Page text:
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Volkswagen to pay $2.8 bn fine in diesel emissions scandal

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German carmaker Volkswagen will pay a $2.8 billion criminal penalty for cheating on diesel emissions test, in a negotiated settlement with the US Justice Department.

US District Judge Sean Cox ordered the fine on Friday, following the terms of the deal in which Volkswagen pleaded guilty to conspiracy and obstruction of justice.

Nearly 600,000 diesel cars in the US were programmed to turn on pollution controls during testing, but turn it off while on the road, the company admitted.

Volkswagen is also paying $1.5 billion in a civil lawsuit brought by the US government, and spending $11 billion to buy back cars and offer other compensation, AP reported. Seven VW employees have also been indicted.

The criminal fine is an "appropriate and serious sanction," Volkswagen attorney Jason Weinstein told AP.

Under the terms of the settlement, negotiated in January, VW also agreed to the appointment of an independent monitor to observe the company's compliance and control measures for three years.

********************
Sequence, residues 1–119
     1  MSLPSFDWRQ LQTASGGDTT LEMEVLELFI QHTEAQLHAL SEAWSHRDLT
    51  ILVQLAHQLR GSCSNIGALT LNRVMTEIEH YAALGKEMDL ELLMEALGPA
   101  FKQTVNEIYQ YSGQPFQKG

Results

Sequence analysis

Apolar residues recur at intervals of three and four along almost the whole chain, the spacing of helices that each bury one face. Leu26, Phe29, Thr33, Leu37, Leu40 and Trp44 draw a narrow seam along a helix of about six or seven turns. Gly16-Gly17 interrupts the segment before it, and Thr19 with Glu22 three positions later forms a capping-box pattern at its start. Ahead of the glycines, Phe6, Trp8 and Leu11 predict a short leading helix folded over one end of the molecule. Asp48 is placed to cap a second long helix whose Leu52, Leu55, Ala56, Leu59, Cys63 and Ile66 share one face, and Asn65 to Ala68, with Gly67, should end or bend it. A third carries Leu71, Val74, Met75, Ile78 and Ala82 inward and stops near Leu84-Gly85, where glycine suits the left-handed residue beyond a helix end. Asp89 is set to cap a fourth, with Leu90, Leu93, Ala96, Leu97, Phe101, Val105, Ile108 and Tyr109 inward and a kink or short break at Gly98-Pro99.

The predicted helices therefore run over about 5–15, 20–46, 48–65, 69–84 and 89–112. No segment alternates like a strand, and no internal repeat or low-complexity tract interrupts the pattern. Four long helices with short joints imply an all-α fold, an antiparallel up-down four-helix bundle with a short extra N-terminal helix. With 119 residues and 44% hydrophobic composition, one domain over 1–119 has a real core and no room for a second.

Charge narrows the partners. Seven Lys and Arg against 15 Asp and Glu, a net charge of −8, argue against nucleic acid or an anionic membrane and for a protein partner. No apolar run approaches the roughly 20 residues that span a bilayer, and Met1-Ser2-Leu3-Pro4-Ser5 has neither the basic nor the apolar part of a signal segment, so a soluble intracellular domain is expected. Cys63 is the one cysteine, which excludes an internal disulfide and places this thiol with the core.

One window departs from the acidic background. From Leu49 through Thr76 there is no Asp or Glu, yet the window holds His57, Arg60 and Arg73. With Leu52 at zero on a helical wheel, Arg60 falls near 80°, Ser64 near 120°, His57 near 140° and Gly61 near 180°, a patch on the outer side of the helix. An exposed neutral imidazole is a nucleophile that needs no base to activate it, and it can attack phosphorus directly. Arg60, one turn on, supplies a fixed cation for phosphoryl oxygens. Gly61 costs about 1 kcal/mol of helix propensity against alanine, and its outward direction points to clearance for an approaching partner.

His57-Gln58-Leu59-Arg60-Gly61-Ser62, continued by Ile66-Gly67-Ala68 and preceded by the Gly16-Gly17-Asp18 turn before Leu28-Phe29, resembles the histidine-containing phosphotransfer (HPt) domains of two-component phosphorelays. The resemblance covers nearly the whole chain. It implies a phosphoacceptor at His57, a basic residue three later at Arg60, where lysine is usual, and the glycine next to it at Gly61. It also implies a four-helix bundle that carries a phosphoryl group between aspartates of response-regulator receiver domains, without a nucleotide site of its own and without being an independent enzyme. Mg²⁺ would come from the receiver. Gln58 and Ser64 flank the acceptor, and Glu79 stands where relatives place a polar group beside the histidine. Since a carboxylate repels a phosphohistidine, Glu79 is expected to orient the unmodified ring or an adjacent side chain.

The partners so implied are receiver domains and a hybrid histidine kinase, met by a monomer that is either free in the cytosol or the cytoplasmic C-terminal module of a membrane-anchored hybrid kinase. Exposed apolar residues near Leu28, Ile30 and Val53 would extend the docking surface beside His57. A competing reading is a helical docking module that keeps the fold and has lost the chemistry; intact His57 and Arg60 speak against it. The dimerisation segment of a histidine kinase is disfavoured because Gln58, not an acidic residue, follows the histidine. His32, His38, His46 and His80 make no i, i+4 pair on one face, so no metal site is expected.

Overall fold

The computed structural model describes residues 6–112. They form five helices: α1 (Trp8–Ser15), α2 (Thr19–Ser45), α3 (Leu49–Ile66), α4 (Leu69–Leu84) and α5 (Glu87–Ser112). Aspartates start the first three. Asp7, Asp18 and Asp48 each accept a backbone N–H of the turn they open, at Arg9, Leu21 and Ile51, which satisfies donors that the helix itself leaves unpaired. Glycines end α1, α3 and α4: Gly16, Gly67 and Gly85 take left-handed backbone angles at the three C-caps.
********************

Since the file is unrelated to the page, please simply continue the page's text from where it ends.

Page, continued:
READ MORE: Volkswagen to pay US $4.3 billion to settle diesel debacle

The US Environmental Protection Agency (EPA) accused the carmaker of cheating on emissions tests in 2015, after finding discrepancies in several lines of four-cylinder diesel vehicles manufactured since 2009, including the Jetta, Beetle, Golf, Passat and the Audi A3.

The scandal caused VW CEO Martin Winterkorn to resign.

Volkswagen Group is the world's biggest carmaker, and owns the Audi, Bentley, Bugatti, Lamborghini, Porsche, SEAT, and Skoda brands.

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